Russia opens two nuclear research facilities closer to US in horror Cold War move

Ukraine: Strikes reported near Zaporizhzhia's nuclear power station

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The news comes as Russia seeks to expand its influence in pro-Moscow countries, with Bolivia traditionally pushing against US influence in South America, allowing Russia to extend its hand to such nations which enjoy close proximity to the US. With the plants being implemented in the South American nation, the potential for a direct route to the US is as little as just 5,000km, halving the distance from Russia to Florida.

The move has been completed by the Russian energy giant Rosatom which has put into trial operation the first industrial facilities of the nuclear research and technology centre according to the state corporation announcement on Monday.

A pre-clinical cyclotron radiopharmaceutical complex and a multi-purpose irradiation centre have been launched in El Alto.

The preclinical cyclotron-radiopharmaceutical complex, equipped with a cyclotron, is expected to provide Bolivian nuclear medicine centres with radiopharmaceuticals for clinical trials of more than 5,000 patients a year.

According to Rosatom: “Thus, Bolivian citizens will be able to undergo timely and high-quality medical examinations with the help of advanced nuclear medicine preparations.”

Critics of the deal are concerned Russia’s motives over the project may lead to more malicious activity reminiscent of the Cuba Missile Crisis seen during the Cold War.

According to one commentator, Joseph Bouchard: ” The bid is wrapped in controversy given Russia’s ongoing invasion of Ukraine.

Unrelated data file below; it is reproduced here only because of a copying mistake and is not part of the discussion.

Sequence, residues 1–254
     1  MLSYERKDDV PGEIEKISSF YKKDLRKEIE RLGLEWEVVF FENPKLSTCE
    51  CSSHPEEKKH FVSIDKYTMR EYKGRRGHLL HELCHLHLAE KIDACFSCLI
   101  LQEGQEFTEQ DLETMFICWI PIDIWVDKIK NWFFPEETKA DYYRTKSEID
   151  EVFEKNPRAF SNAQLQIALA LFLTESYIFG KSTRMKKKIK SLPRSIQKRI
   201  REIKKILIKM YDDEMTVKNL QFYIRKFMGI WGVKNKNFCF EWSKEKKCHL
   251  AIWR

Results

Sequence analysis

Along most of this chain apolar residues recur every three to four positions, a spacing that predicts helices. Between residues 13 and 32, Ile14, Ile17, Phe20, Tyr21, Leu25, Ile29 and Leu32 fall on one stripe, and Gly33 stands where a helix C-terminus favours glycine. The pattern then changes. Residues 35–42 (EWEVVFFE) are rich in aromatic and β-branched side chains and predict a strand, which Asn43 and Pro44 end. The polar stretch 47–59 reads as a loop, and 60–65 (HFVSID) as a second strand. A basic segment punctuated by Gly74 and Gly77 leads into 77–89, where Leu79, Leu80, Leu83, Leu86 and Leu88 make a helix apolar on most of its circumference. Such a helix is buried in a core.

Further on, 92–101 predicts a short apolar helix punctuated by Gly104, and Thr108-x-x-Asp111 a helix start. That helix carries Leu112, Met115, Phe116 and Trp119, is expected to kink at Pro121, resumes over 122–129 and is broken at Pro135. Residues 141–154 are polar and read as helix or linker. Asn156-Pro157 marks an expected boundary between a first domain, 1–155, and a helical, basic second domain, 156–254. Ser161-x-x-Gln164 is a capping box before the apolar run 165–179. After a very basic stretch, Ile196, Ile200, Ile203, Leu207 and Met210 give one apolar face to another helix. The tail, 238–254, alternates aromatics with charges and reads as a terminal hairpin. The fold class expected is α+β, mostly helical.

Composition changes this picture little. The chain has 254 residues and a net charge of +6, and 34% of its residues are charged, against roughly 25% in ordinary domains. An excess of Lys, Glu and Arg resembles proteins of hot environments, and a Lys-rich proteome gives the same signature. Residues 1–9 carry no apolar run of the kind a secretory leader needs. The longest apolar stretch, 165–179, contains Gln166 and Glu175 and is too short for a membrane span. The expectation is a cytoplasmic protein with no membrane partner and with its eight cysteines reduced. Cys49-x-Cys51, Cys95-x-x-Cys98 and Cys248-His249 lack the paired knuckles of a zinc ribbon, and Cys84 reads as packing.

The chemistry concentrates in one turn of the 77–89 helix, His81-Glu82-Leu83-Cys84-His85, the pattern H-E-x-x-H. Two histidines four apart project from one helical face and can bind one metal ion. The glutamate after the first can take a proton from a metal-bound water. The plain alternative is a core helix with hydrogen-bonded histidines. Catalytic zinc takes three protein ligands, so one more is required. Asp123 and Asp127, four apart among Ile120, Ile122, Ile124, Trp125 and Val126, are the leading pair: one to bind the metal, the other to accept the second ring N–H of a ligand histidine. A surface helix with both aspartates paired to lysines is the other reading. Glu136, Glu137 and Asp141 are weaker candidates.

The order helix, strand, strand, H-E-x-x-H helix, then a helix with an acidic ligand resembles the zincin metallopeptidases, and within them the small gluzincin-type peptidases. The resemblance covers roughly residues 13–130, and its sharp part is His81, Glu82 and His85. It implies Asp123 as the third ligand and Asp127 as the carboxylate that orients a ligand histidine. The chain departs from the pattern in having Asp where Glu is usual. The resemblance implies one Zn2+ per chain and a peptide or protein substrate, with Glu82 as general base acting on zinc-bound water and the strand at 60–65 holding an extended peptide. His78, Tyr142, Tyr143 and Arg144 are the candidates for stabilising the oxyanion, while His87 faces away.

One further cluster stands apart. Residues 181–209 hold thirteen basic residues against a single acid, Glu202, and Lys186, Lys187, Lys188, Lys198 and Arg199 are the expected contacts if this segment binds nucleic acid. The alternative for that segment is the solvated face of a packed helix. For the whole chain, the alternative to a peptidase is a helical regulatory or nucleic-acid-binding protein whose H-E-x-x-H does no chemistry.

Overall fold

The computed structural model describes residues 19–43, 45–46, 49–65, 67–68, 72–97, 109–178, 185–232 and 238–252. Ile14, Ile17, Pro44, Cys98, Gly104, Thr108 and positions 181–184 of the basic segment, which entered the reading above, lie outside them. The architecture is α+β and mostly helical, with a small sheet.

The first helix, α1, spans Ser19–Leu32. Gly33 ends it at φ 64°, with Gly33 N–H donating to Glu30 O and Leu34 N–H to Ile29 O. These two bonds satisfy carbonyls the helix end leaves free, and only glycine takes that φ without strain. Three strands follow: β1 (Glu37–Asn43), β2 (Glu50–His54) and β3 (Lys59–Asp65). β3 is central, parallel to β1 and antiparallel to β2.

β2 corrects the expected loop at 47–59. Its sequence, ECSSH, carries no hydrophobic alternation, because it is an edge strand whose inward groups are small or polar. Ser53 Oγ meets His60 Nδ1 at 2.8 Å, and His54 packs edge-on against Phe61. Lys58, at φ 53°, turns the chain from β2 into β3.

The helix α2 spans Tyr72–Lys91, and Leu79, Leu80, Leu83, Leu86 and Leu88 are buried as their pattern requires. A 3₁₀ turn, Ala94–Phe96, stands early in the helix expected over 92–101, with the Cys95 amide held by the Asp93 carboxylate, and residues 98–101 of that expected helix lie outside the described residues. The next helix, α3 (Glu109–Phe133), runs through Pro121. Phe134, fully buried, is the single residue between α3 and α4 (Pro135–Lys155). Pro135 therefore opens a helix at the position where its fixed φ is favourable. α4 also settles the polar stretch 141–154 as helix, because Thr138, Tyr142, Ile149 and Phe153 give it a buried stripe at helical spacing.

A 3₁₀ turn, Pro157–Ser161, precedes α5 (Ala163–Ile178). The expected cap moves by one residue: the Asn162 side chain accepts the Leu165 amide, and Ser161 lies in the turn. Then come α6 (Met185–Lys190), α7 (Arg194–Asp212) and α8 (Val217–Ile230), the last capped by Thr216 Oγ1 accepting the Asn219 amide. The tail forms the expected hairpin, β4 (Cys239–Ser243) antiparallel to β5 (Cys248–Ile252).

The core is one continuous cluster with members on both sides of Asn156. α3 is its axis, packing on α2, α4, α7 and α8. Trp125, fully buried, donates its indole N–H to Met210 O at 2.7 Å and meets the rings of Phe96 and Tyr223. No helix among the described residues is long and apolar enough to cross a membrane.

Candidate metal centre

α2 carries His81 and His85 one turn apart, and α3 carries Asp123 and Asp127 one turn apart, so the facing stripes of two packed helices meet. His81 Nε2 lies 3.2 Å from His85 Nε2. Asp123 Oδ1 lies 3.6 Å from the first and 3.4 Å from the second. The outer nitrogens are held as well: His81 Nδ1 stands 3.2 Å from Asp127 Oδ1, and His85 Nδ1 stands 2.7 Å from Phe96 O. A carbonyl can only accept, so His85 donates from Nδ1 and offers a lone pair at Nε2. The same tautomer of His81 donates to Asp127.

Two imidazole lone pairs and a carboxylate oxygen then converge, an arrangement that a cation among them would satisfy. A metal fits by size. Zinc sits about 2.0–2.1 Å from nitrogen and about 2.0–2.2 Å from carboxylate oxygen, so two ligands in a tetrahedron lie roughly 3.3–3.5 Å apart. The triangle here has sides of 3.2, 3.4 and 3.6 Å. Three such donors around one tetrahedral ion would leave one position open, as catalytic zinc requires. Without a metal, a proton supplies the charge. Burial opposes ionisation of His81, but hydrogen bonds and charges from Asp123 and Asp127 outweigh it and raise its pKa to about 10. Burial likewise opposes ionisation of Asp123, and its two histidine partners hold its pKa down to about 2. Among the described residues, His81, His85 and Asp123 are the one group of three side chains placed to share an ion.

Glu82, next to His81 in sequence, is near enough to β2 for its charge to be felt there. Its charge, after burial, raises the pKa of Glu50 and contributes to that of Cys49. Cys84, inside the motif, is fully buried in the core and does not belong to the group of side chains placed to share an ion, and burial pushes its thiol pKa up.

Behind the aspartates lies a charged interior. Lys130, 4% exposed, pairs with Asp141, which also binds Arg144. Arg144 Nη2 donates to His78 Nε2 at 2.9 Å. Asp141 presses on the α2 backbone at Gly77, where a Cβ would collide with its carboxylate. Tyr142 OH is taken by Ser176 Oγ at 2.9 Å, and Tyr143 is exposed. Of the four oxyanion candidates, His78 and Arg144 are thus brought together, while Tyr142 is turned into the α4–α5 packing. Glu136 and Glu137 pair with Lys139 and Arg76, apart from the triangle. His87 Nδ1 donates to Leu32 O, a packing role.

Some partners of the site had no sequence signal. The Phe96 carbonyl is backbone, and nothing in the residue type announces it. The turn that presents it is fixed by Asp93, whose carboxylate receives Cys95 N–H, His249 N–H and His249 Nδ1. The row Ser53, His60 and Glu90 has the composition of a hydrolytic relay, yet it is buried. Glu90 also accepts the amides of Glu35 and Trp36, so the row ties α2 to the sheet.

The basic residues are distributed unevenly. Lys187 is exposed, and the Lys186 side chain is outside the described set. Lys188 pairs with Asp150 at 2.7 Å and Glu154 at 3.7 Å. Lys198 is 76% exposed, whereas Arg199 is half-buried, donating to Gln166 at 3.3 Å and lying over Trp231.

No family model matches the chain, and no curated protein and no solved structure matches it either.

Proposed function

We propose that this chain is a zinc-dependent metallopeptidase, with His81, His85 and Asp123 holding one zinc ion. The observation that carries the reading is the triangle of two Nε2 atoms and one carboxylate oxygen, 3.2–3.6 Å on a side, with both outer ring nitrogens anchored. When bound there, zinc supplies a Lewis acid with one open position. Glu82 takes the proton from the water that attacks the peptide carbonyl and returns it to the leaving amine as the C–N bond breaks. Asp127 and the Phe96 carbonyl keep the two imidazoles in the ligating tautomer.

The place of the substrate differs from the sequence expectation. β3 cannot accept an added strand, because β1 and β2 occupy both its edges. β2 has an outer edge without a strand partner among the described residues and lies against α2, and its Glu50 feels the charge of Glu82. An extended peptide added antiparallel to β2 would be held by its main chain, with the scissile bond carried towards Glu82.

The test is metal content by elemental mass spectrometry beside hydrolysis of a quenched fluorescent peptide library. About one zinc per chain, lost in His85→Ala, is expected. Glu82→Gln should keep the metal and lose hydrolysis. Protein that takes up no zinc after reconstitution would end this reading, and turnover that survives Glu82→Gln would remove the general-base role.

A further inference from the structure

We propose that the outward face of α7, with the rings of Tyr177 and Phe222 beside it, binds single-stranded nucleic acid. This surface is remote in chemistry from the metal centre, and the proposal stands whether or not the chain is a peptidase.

“Energy and mining firms like Uranium One/Rosatom have a stake in the invasion, as they have moved quickly into Ukrainian territory to secure natural resources and extraction-conversion plants.

“Finland has already cancelled its nuclear-energy deal with Uranium One/Rosatom over the invasion.

“Bolivia should follow suit and not move forward with the Uranium One/Rosatom bid for its lithium.

“Were the Luis Arce government to accept the Russian bid, Bolivia would promptly become a pariah state on the regional and international stage.”

However, Rosatom says the plan will benefit various Bolivian sectors, from medicine to food security.

It said: “The Center will ensure the widespread use of nuclear and radiation technologies in agriculture, medicine, industry and other important areas of human life, not only in Bolivia , but throughout the region.

In addition to the cyclotron-radiopharmacological complex and the multi-purpose irradiation centre, the CNIT will be equipped with a reactor facility based on a research pressurized water reactor with a nominal power of 200 kW.”

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Any Russian nuclear involvement in South America could spark concerns Moscow will use the opportunity to build closer ties with nations in close range to the US.

The Cuban missile crisis in the 1960s saw fears reach a critical point during the Cold War, with Americans in genuine fear of a nuclear strike by Soviet missiles.

Several Latin American countries have shown open opposition to US influence in the region, pushing them towards non-aligned and Russian allies in the process.

Venezuela saw President Maduro blame the US for an attempted coup in trying to place Juan Guaidó into power.

Yet Putin has found some measure of support in Latin America from the governments of Venezuela, Cuba and Nicaragua as a result, with Bolivia now seemingly following suit.

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